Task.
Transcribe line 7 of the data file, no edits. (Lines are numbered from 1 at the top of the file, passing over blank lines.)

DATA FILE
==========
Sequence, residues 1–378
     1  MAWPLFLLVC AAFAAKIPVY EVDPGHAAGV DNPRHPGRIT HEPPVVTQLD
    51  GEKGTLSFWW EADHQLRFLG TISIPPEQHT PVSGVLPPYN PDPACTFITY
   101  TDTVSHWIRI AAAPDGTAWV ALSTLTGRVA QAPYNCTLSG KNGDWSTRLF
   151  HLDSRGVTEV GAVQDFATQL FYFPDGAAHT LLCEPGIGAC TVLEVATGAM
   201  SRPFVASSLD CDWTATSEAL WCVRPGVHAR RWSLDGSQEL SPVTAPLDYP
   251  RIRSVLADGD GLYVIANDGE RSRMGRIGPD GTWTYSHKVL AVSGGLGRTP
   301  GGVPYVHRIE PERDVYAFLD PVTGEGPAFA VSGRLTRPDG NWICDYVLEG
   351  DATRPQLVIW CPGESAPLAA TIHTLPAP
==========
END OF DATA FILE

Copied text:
   251  RIRSVLADGD GLYVIANDGE RSRMGRIGPD GTWTYSHKVL AVSGGLGRTP